Loop diuretics, such as the active ingredient furosemide, can wash essential vitamins and minerals out of the body due to increased urinary excretion. In particular, vitamins B1, B6, B12 and folic acid, as well as the minerals magnesium and calcium are excreted in increased quantities. This can result in a deficiency of the vitamins and minerals with corresponding deficiency symptoms
. The homocysteine level may also rise as a consequence of a deficit of B vitamins. Homocysteine is a toxic intermediate metabolic product which damages the blood vessels and increases the risk of cardiovascular disease.
Magnesium deficiencies also put a significant strain on the heart and circulation: the blood pressure may rise and the heart lose its normal rhythm.
If a vitamin B1 deficiency become acute, it can result in nerve damage and even cause or exacerbate cardiac insufficiency (heart failure). What can be done?
Deficiency symptoms or (in case of doubt) a blood test (background information on the blood analysis
) may indicate an under-supply of the stated biofactors.
If a deficiency is confirmed you should make sure that you supplement the corresponding biofactors by means of the appropriate preparations.
In the case of a deficiency of folic acid, vitamin B6 or vitamin B12, as well as raised homocysteine levels, supplementation with a combination of the three vitamins folic acid, B6 and B12 is advisable, as the three vitamins work closely together and lower the homocysteine level in combination.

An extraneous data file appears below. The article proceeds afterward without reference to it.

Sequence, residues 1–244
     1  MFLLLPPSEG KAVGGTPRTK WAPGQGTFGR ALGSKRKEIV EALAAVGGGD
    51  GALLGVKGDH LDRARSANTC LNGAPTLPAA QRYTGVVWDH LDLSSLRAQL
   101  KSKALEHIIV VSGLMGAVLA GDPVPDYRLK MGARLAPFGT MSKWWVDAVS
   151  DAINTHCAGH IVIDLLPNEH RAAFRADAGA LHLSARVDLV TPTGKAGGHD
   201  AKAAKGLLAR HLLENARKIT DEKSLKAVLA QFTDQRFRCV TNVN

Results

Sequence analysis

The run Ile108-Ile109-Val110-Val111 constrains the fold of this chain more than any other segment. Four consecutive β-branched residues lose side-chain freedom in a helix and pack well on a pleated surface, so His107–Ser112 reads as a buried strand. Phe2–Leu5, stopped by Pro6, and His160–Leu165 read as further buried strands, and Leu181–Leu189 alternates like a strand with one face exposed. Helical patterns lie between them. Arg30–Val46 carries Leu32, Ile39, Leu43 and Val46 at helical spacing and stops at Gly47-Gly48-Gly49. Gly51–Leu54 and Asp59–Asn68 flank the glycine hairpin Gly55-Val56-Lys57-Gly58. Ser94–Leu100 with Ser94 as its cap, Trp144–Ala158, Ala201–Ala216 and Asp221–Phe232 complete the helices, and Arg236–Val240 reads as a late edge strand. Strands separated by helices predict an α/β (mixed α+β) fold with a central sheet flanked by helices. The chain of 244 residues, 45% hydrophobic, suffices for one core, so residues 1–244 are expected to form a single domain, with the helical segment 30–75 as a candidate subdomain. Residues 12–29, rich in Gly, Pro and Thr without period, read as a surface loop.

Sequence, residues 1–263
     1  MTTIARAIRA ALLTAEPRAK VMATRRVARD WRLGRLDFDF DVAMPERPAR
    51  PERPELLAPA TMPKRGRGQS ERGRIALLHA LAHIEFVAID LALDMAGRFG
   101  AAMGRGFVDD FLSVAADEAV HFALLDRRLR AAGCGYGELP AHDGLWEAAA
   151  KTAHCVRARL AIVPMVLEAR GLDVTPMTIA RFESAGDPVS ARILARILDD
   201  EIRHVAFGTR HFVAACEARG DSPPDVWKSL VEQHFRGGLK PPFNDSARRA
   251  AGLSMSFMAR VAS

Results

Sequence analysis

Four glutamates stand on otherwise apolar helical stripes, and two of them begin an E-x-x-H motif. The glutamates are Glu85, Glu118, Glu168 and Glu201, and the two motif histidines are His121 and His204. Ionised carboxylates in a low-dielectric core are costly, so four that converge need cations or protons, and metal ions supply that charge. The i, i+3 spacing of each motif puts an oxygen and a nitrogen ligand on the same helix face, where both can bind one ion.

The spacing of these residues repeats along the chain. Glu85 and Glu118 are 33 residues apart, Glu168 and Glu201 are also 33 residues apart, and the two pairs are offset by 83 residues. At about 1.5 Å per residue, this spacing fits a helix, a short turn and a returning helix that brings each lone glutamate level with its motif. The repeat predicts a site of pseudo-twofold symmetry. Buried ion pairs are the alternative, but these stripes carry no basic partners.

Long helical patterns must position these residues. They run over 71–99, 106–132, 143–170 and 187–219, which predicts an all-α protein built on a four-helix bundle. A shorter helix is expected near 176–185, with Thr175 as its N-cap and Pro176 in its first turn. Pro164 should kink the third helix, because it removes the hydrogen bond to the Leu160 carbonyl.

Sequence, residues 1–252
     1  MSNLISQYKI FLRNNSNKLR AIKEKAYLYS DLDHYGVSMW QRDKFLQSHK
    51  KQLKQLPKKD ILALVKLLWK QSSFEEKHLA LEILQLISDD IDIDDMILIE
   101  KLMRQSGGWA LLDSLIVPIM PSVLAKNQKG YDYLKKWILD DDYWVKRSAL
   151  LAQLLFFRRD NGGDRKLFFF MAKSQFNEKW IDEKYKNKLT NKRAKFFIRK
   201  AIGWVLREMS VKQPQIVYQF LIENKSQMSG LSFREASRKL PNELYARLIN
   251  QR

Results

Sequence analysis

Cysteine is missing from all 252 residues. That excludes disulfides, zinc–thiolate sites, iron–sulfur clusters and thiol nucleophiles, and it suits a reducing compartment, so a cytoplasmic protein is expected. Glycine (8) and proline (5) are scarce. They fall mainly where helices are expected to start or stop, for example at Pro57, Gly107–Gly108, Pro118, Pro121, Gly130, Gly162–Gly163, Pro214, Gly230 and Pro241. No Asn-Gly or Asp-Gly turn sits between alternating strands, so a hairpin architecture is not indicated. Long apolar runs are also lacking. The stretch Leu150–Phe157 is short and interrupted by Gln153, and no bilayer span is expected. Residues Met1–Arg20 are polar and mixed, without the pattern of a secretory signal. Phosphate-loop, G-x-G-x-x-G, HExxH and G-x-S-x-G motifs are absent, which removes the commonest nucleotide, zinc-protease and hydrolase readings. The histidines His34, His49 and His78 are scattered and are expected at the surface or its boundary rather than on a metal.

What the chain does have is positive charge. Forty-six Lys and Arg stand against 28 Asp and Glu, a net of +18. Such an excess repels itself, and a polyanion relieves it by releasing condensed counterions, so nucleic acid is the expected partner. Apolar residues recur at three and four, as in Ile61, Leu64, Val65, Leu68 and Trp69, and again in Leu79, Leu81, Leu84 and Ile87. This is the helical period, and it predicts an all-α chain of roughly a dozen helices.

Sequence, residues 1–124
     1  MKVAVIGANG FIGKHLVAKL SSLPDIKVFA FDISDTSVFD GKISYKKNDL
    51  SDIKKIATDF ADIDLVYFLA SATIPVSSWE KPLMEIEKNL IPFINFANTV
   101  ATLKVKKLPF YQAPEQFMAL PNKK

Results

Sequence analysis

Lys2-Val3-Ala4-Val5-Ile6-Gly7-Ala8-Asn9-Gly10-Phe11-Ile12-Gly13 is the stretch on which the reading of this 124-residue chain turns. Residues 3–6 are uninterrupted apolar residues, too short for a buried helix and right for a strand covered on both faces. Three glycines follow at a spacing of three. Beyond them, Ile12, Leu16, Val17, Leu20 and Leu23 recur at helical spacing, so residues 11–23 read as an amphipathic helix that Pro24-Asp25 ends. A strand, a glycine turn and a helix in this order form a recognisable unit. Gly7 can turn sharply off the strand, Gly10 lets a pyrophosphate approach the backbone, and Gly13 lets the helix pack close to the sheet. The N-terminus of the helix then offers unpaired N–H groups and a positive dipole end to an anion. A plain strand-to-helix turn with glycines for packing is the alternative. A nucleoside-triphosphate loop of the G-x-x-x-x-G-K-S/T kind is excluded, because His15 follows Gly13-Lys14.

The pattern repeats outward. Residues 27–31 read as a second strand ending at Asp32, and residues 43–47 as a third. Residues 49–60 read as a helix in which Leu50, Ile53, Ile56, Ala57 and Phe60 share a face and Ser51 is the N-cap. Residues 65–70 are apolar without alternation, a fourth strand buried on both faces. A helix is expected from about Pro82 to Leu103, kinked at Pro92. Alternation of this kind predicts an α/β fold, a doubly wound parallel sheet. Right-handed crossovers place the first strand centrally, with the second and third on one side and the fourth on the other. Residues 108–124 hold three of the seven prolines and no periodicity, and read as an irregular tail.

For those who are at risk of cardiovascular diseases, such as high blood pressure patients or diabetics with magnesium deficiency, preparations from the pharmacy containing the compound magnesium orotate are an advantage, as the biofactor orotate promotes the intracellular binding of the magnesium. In this way it is possible to quickly compensate for magnesium losses in the (cardiac) cells caused by stress and other negative influences. A vitamin B1 deficiency is effectively compensated for orally by a fat-soluble precursor of vitamin B1 (benfotiamine). The reason for this is that conventional vitamin B1 can only pass into the blood (be absorbed) in limited quantities in the intestine. The vitamin precursor benfotiamine, on the other hand, passes into the body in much larger quantities. Diabetics in particular are advised to take benfotiamine, as diabetes also causes significant losses of vitamin B1 in some cases, which in turn promote diabetic nerve damage. In addition, you should of course also make sure that you have a healthy and balanced diet and get plenty of regular exercise.